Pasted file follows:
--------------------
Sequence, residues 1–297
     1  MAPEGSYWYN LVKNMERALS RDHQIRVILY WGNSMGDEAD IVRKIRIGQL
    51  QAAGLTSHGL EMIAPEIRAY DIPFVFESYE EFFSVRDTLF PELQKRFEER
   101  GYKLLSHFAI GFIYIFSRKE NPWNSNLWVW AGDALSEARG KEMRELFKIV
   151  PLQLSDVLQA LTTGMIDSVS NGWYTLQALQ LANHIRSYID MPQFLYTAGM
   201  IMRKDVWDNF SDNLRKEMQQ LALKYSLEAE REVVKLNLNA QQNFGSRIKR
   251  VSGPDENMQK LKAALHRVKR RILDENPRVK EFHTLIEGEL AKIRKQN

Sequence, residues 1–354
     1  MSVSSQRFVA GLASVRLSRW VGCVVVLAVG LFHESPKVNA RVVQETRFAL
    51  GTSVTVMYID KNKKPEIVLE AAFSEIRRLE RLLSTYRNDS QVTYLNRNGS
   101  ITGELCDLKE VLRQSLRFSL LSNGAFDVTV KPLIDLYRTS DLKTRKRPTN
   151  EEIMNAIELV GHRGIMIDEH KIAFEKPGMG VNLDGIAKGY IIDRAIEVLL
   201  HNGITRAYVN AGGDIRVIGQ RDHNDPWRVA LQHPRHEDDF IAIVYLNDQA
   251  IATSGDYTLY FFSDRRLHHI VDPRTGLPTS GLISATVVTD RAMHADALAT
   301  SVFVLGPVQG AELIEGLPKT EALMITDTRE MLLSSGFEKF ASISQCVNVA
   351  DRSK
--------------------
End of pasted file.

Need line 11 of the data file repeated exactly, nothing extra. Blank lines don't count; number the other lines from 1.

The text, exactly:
   101  ITGELCDLKE VLRQSLRFSL LSNGAFDVTV KPLIDLYRTS DLKTRKRPTN